Here’s Why You Should Actually Skip That Lime In Your Corona

Cool drinks, citrus garnishes, and fun in the sun seem to go together, but they can be a dangerous combination. Here's what you need to know.

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This was why she became a flight attendant.

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The 26-year-old caught a layover in the Caribbean and took full advantage. While our sources only tell us she “had significant sun exposure,” how could that have come from anywhere but a nice, long layout on the beach? A Caribbean layover is like a miniature free vacation.

On the flight to the islands, she had done what flight attendants do: She checked the overhead bins, handed out peanuts or pretzels, and served drinks.

This last task required her to cut up limes—lots of them, presumably—as garnishes. She cut limes, she handled them, she perched them on the edges of plastic cups.

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Later, a doctor would tell her that this was her mistake. After her day in the sun, the flight attendant’s forearm erupted in tremendous painful blisters. The blisters followed a dripping path across her arm—a path first blazed by trickles of lime juice that bled from the fruit when she was preparing garnishes.

Sun and citrus don’t mix.

This poor flight attendant’s story comes to us via Medscape. The site outlines her misfortune in a case study describing a painful condition called phytophotodermatitis. Doctors with a wicked sense of humor might call it “lime disease.”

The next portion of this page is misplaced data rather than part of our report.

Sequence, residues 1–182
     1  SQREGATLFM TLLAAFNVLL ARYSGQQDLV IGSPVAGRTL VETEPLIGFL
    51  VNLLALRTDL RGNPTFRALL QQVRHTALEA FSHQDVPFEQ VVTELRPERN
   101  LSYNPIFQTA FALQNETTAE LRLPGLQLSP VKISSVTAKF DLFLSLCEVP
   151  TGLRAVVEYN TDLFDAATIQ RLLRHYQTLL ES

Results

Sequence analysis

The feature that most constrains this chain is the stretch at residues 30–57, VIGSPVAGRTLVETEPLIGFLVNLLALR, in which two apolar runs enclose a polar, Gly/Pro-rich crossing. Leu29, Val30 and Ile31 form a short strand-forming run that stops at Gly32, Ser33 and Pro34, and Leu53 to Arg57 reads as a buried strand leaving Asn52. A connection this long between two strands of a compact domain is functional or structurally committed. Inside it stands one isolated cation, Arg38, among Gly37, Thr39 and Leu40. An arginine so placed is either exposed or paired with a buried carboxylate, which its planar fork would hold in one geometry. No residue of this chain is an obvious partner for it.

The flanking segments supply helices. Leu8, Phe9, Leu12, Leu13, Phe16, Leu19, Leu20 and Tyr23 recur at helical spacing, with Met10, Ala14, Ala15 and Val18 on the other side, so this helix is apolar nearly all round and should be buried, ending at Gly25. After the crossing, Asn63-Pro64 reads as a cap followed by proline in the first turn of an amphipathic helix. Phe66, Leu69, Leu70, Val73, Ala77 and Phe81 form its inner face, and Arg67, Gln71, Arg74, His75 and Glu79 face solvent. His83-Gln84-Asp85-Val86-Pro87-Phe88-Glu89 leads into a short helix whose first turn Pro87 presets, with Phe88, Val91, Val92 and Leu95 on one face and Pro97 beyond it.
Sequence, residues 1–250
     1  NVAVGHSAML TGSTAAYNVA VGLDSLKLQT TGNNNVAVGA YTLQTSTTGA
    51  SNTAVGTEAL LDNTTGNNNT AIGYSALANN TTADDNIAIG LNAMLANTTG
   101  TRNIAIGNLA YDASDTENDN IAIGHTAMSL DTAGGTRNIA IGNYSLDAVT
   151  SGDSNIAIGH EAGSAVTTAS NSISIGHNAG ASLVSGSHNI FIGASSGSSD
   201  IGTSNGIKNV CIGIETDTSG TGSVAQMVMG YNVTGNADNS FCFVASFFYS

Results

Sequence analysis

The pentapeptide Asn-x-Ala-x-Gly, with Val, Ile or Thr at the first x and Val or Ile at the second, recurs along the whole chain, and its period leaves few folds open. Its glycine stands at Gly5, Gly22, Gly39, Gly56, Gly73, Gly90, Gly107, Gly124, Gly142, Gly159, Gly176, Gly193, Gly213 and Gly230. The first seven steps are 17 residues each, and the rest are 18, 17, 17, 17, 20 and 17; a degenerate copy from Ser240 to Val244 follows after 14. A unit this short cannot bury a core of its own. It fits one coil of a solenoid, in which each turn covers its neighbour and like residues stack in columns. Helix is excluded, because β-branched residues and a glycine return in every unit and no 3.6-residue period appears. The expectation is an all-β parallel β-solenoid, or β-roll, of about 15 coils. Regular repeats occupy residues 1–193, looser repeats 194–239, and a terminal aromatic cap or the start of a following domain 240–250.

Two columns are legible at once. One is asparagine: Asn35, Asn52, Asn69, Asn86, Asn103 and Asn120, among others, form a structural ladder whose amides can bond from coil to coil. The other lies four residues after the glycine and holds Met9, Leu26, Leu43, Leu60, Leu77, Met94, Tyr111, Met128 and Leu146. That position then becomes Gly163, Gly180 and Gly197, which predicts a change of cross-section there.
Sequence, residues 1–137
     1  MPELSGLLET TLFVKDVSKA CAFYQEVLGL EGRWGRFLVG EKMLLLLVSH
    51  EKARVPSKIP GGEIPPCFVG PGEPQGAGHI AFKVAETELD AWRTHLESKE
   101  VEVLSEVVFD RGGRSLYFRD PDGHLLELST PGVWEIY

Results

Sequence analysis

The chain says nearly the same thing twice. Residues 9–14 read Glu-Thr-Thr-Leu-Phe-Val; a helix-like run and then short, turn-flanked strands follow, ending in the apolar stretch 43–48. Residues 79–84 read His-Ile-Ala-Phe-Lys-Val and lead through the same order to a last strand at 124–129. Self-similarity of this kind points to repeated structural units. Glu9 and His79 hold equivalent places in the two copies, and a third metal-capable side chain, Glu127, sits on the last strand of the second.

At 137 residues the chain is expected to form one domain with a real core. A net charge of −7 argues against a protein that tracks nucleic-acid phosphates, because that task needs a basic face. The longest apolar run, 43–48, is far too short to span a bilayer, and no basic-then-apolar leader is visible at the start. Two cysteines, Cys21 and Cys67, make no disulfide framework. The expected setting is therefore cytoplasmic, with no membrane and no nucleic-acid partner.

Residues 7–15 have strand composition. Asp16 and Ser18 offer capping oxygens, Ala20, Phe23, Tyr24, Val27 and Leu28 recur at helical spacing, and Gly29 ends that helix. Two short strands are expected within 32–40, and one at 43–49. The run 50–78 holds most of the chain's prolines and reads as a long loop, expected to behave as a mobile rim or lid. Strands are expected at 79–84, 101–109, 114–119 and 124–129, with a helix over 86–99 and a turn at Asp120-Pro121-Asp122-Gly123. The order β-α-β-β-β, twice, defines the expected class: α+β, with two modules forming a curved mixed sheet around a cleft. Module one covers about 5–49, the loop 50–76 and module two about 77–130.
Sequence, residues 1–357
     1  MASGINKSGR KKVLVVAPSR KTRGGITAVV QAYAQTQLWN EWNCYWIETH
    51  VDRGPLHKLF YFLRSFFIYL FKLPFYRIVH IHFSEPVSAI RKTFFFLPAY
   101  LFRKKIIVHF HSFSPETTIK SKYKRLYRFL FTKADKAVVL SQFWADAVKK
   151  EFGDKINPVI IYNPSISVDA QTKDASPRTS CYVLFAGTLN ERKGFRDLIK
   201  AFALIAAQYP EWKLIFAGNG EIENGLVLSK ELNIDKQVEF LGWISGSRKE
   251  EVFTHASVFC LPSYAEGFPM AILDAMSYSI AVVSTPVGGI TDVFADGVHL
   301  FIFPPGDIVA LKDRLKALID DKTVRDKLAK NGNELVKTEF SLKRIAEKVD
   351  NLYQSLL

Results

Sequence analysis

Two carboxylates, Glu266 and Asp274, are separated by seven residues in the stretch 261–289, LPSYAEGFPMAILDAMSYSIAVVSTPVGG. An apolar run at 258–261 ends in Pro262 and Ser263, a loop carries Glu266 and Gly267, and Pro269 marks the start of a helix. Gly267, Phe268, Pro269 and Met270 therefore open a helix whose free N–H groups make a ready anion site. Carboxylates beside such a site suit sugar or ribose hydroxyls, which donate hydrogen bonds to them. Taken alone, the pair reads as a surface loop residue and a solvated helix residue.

Phytophotodermatitis occurs when chemicals found in certain fruits and vegetables interact with the sun’s ultraviolet radiation. Watch out for carrots, parsley, lemons, and, yes, limes. Heat, sweat, and wetness make the problem even worse.

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Blisters and redness follow, but they’re sneaky. They don’t show up until a few days after the exposure. This delayed onset makes phytophotodermatitis a real panic-inducer. How would you feel if you woke up with hideous chemical burns on your hands and had no idea what caused them?

“Patients come in quite concerned when they have a rash like this,” Joshua Zeichner, a doctor at Mount Sinai Hospital, told Today. “It raises a lot of panic.”

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We’ll spare you the media gallery on this one. If you have a strong stomach and a burning (sorry) curiosity, search Google Images for “phytophotodermatitis.” You’ll see why panic makes sense in this case.

Save the summer with an abundance of caution.

You don’t have to swear off citrus between May and September, even if you did just look at the pictures. (You did, didn’t you?) The good news is that phytophotodermatitis is easy to prevent.

“Lime burn can be prevented by immediately washing off residue with soap and water or cleansing towelettes,” Today reports.

That’s another great reason to pack a few pre-moistened wipes in your beach bag. Go ahead and put the lime in the coconut and drink ’em both up—just make sure to scrub your hands clean afterward.

And although sunscreen won’t protect you if you’re drenched in lime juice, be sure to apply the lotion liberally. With or without chemical reactions, sunlight can be dangerous in large doses.

Dermatologists caution everyone to use lots of broad-spectrum sunscreen, preferably a water-resistant brand with an SPF rating of 30 or higher.

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Armed with these tips, you should be able to enjoy a chilled drink the next time you relax on the beach. We can think of one flight attendant who’ll enjoy her Caribbean layovers a lot more knowing how to prevent phytophotodermatitis.

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